references. All the different forms are equivalent from the point
of view of our data model, they are quite distinct from the point
of view of the XML tree data model. Expressing all the possible
XML serializations of some SOAP data structure using XML Schema
is difficult, if not impossible.
 To describe the data in our data model, the natural option is to
use SOAP Schema Language (so far implied). People are wary, 
though, of creating yet another schema language, and that's 
understandable. Therefore the WSDL folks invented so called 
"encoded" use of XML Schema - describing data structures using an 
XML Schema schema, then implicitly translating this description 
to the SOAP Schema Language (IMHO that's what most SOAP toolkits 
do when working with "encoded" use of schemas in WSDL) and 
following that translated description during serialization or 
deserialization. This means (and WSDL spec says this clearly) 
that the resulting XML need not comply to the XML Schema schema 
provided.
 This approach has proved viable, and it will be interoperable,
too, once toolkits agree on the (again implicit) rules for
translating XML Schema schemata to SOAP Data Model schemata.  
That's (one of the reasons) why WSDL Interop event is just now
being arranged.

 To summarize the choices the WG made:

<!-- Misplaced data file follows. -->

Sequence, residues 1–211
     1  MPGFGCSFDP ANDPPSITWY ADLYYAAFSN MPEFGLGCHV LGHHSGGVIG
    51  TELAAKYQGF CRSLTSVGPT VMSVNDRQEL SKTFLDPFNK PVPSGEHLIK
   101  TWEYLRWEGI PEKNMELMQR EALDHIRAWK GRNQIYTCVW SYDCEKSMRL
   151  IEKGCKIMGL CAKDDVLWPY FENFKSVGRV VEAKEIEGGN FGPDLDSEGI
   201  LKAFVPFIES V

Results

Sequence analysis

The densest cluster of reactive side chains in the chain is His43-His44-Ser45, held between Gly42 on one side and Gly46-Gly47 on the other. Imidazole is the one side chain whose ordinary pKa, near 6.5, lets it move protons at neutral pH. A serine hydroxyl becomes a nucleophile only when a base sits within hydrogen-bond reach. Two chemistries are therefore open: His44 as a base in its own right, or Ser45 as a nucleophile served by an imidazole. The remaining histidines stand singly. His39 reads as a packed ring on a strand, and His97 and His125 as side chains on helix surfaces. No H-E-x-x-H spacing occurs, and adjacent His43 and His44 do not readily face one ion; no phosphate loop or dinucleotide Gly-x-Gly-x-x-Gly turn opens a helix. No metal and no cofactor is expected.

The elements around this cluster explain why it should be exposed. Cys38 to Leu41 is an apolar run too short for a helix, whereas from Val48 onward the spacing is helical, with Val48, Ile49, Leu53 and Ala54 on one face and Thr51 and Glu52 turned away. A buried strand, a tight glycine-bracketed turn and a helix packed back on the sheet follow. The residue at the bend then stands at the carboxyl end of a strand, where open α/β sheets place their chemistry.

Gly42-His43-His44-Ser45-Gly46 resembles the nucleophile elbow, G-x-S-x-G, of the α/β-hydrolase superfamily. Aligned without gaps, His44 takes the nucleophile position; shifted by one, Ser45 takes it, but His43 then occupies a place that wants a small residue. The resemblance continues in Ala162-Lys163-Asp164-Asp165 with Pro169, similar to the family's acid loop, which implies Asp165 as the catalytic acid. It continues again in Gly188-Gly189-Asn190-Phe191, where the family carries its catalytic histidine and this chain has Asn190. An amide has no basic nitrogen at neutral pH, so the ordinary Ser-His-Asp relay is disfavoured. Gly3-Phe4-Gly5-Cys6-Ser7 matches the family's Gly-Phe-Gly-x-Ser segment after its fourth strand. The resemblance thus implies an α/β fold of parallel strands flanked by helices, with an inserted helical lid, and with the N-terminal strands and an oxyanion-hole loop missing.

1) the SOAP Encoding is based on a single, concrete data model,
 2) the SOAP Encoding is not the only possible encoding of data 
in that data model,
 3) SOAP RPC is based on the same data model,
 4) SOAP RPC represents requests and responses using structs,
 5) RPC return value is named enc:result to avoid conflicts.

 The open problems in this thread are the following:
 a) XML Schema cannot be used easily (or maybe at all) to
describe the RPC structs, yet we want to do just that because
 b) we don't want yet another schema language.

 Both these problems, as far as I can see, can be viewed as 
problems of WSDL, given the choices above. Granted, changing some 
of the choices might practically lessen the problems. But this 
group wants to make a good XML messaging protocol, and provide 
good rules for serialization of a given graph data model into 
XML.
 We do want to support XML Schema whereever appropriate, but I
don't think we need to support XML Schema even where it is 
inappropriate - like for describing SOAP Data Model data. That 
would be overloading (if not abuse) of XML Schema. Everybody can 
choose not to use SOAP Encoding but use XML tree data model 
instead, describing messages with XML Schema, and that's exactly 
what WSDL's so called "literal" use of schemas does.

 It's not a bug that our data model is not suited for every
application, that's why it's optional.

 It's not a bug that SOAP Encoding data cannot be easily
described by XML Schema - they have different data models and 
that's good.

                   Jacek Kopecky

                   Senior Architect, Systinet (formerly Idoox)
                   http://www.systinet.com/
Received on Thursday, 7 February 2002 05:19:12 GMT